- macroeco.empirical.sad(patch, cols, splits, clean=True)¶
Calculates an empirical species abundance distribution
patch : Patch obj
Patch object containing data for analysis
cols : str
Indicates which column names in patch data table are associated with species identifiers, counts, energy, and mass. See Notes.
splits : str
If multiple analyses for subsets of patch data table are desired, specifies how columns should be split. See Notes.
clean : bool
If True, all species with zero abundance are removed from SAD results. Default False.
List of tuples containing results, where the first element of each tuple is a string indicating the split values used for that result and second element is a dataframe giving the result. Result has two columns: spp (species identifier) and y (individuals of
that species). :
The parameter cols is a string describing which column in the data table should be used for which “special columns” in analysis. The five possible special columns are
- spp_col - Unique species identifiers
- count_col - Number of individuals at a location
- x_col - x coordinate of location
- y_col - y coordinate of location
- energy_col - Energetic requirements of individual(s) at a location
For example, setting cols to spp_col: spp: count_col: number will use the column named “spp” in the data table to represent the unique species identifiers, and the column “number” in the data table to represent the count of individuals at a point.
Different special columns are required for different analyses. count_col is used when multiple individuals of a species may be found at a single recorded location, as is the case in gridded censuses where all individuals in a quadrat are “assigned” to a single point. If count_col is not specified, each record in the data table will be presumed to represent a single individual (i.e., a count of 1).
Note that the value of spp_col may be set to a columm in the data table giving the genus, family, functional group, etc., which allows for analysis of this metric by those groups.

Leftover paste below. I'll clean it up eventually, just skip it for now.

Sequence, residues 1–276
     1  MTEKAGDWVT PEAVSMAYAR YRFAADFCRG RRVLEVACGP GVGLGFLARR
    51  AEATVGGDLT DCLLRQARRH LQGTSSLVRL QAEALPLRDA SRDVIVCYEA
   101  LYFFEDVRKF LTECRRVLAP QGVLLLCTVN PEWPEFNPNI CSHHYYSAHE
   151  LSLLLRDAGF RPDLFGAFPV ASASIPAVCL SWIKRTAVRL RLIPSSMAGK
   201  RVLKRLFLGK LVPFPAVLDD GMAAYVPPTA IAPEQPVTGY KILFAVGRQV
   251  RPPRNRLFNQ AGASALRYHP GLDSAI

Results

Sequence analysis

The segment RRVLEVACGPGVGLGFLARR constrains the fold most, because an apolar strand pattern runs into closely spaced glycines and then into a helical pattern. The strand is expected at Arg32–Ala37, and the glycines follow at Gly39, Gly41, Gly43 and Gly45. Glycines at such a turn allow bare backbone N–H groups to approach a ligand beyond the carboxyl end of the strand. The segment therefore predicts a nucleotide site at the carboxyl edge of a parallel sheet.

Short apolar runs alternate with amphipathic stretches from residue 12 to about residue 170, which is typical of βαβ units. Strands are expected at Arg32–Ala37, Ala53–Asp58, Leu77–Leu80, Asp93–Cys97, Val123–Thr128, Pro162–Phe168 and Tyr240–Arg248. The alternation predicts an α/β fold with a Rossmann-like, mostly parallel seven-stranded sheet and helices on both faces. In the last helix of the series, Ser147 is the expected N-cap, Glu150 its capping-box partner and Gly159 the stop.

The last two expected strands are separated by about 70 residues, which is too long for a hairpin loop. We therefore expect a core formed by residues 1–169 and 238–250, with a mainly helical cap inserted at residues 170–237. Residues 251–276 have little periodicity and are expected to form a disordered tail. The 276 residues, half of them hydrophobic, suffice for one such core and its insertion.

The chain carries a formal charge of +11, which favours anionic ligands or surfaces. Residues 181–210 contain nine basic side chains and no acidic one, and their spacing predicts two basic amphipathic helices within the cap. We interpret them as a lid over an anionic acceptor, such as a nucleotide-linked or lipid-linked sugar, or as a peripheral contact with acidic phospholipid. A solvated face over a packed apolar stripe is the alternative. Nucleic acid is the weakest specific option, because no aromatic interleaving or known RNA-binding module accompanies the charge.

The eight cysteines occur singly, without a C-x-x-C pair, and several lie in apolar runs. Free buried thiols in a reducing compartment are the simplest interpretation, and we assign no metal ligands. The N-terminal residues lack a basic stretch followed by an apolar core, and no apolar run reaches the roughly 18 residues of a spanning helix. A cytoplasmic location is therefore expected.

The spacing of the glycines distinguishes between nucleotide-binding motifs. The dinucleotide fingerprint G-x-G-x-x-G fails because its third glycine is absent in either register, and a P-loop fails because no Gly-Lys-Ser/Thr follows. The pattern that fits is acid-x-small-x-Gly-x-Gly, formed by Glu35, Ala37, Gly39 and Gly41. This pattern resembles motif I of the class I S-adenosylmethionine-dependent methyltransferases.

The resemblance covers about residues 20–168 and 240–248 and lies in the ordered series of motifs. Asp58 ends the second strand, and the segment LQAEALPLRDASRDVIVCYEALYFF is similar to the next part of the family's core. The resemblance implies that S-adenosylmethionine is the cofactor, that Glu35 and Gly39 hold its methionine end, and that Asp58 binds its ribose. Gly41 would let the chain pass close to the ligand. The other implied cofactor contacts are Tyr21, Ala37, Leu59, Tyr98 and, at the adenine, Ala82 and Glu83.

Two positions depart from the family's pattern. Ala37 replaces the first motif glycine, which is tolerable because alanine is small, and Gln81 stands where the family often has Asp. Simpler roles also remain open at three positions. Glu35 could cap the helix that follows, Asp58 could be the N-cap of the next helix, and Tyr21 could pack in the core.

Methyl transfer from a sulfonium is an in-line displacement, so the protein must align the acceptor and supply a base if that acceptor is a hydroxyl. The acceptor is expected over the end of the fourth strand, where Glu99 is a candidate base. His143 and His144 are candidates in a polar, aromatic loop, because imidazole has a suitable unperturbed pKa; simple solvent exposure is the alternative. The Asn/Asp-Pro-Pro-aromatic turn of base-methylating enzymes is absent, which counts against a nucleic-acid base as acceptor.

The parameter splits is a semicolon-separated string in the form of “column: value”, where column is a name of a column in the patch data table and value is either (a) an integer giving the number of equally-spaced divisions of a column, or (b) the special keyword ‘split’, which evaluates all unique levels of a column.
For example, presume a data table has columns for x and y spatial coordinates and a column for year, of which there are three. The string “x:2; y:2; year:split” will perform the analysis separately for each of four subplots of the patch (created by dividing the x and y coordinates each into two equally sized divisions) within each of the three years, for a total of 12 separate analyses. Note that if you pass in the x split you MUST also pass in a y split (even if it is just “y:1”) or vice versa. Otherwise, the computed areas will be incorrect.
>>> # Using the ANBO data provided in demo_files_ANBO.zip found at >>> # https://github.com/jkitzes/macroeco/releases/
>>> import macroeco as meco
>>> # Pass in path to metadata in order to make patch object >>> pat = meco.empirical.Patch('~/Desktop/ANBO.txt')
>>> # Get the SAD of the full plot >>> sad = meco.empirical.sad(pat, 'spp_col:spp; count_col:count', '')
>>> # Extract the SAD >>> sad_df = sad >>> sad_df spp y 0 arsp1 2 1 cabr 31 2 caspi1 58 3 chst 1 4 comp1 5 5 cran 4 6 crcr 65 7 crsp2 79 8 enfa 1 9 gnwe 41 10 grass 1110 11 lesp1 1 12 magl 1 13 mesp 6 14 mobe 4 15 phdi 210 16 plsp1 1 17 pypo 73 18 sasp 2 19 ticr 729 20 unsh1 1 21 unsp1 18 22 unsp3 1 23 unsp4 1
>>> # Get SAD for 4 subplots within the full plot and keep absent species >>> # using clean = False >>> sad_subplots = meco.empirical.sad(pat, 'spp_col:spp; count_col:count', splits = "row:2; column:2", clean=False) >>> len(sad_subplots) 4
>>> # Look at SAD in one of the 4 cells >>> sad_subplots ('row>=-0.5; row<1.5; column>=-0.5; column<1.5', spp y 0 arsp1 0 1 cabr 7 2 caspi1 0 3 chst 1 4 comp1 1 5 cran 3 6 crcr 21 7 crsp2 16 8 enfa 0 9 gnwe 8 10 grass 236 11 lesp1 0 12 magl 0 13 mesp 4 14 mobe 0 15 phdi 33 16 plsp1 1 17 pypo 8 18 sasp 2 19 ticr 317 20 unsh1 1 21 unsp1 0 22 unsp3 1 23 unsp4 1)
See http://www.macroeco.org/tutorial_macroeco.html for additional examples and explanation